I have seen a number of articles and blogs lately where the authors attempt to persuade readers that Vancouver is the place to be when it comes to the next great startup capital after the Valley. Of course, my choice of reading material is selective and my contacts and connections lead me disproportionately to the material about Vancouver. I read and like many of the articles without thinking too much about them. I might have left it there, but something bothered me about these articles.

6 Reasons Vancouver is Hot for Start-up” is a typical example. Among other things, the author talks about the travel time to Silicon Valley and the fact that Vancouver is ranked as a great place to live. While these are certainly true, there is a part of me that remains skeptical and bothered by the gist of these articles. They all appear to be written by folks who are based in Vancouver already. As such, they appear biased and lack credibility. (Full disclosure: The subtext of my own blog’s theme too could be subject to such a critique. I am certainly based in Vancouver and don’t want to have to move to take my career in technology to the next level.)

The fact of the matter is that there are a lot of cities that claim to be in line to become the next Silicon Valley, and Vancouver is pretty far down the list. Vancouver remains pretty much in the middle of the pack for startup cities even though external forces are driving changes.

Some charge that it is simply a reflection of Canadian modesty that Vancouver remains pretty average. However, I don’t think that it is the Canadian habit of not tooting your own horn enough. Instead, I think that it is simply just not high on the list for venture capital and entrepreneurial investments because it has yet to reach the scale and diversity of companies needed to create the talent pool based here with enough experience, credibility, and cojones. Each time those of us in the Vancouver entrepreneurial community believe that this is changing, we lose another ambitious young person to California (or you name the place where they might go).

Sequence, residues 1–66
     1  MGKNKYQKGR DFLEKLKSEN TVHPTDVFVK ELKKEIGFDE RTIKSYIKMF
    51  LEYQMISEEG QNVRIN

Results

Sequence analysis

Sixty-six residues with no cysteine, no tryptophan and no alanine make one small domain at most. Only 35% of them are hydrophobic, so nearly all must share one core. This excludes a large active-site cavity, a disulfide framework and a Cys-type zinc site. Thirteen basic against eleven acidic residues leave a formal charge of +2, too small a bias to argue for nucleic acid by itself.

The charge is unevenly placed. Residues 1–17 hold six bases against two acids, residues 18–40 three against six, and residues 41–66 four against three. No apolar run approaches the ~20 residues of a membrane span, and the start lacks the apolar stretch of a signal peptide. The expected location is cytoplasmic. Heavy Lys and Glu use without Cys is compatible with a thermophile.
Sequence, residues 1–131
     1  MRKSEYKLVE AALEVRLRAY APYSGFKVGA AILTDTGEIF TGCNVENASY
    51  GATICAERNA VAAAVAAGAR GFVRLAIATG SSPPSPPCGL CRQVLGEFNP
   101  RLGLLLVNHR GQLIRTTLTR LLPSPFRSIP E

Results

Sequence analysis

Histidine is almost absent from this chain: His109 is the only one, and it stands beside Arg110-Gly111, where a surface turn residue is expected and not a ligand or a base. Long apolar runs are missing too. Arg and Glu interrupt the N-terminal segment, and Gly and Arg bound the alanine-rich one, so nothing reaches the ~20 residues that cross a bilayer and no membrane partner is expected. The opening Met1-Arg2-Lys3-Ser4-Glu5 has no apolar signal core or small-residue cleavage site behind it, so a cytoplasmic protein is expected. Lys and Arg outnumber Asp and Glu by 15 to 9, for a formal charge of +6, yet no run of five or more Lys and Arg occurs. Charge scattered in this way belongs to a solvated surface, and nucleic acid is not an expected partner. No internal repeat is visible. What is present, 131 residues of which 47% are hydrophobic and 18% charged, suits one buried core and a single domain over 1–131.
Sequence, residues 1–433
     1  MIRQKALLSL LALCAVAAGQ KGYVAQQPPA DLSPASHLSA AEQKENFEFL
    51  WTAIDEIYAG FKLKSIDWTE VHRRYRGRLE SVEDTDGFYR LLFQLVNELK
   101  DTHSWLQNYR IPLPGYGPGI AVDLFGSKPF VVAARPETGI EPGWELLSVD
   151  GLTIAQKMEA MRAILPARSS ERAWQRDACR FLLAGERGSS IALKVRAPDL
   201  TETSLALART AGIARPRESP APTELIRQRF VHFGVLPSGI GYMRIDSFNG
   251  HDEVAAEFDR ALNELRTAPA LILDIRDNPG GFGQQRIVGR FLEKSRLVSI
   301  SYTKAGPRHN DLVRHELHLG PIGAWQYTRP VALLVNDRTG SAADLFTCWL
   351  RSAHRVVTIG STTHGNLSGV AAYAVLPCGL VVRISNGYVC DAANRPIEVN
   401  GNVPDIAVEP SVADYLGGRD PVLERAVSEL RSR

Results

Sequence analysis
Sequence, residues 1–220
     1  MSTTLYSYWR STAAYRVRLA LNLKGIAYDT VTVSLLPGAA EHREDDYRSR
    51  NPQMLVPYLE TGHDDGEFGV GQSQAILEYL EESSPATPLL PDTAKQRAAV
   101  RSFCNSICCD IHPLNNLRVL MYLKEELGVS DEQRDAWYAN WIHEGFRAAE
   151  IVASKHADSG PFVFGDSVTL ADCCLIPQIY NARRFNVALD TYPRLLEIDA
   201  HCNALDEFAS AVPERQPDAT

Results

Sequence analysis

It reminds me of a lesson in population science. If birth and death rates are equal, then nothing changes.  If the growth of another new Vancouver venture represents the potential ‘birth’ of a new set of soon-to-be-experienced founders and the move of another experienced entrepreneur out of the area represents a ‘death,’ then Vancouver might at best be just treading water. If the birth rate equals the death rate, then we are not gaining momentum. This conclusion is, of course, not a conclusion at all, but only an intuitive guess based on my conversations with individuals within the community.

What needs to change? As they say in time management classes, we need to ‘work smarter, not harder.’ I believe that Vancouver can overcome this stagnation by analyzing and celebrating the successes that we have had in the area of intelligent startup management practices. By this, I mean Lean Startup and Design Thinking practices that Eric Ries and others have argued are central to making startups work better. We need to learn faster, and over the coming weeks and months, I intend to document how the Vancouver startup community is learning these practices.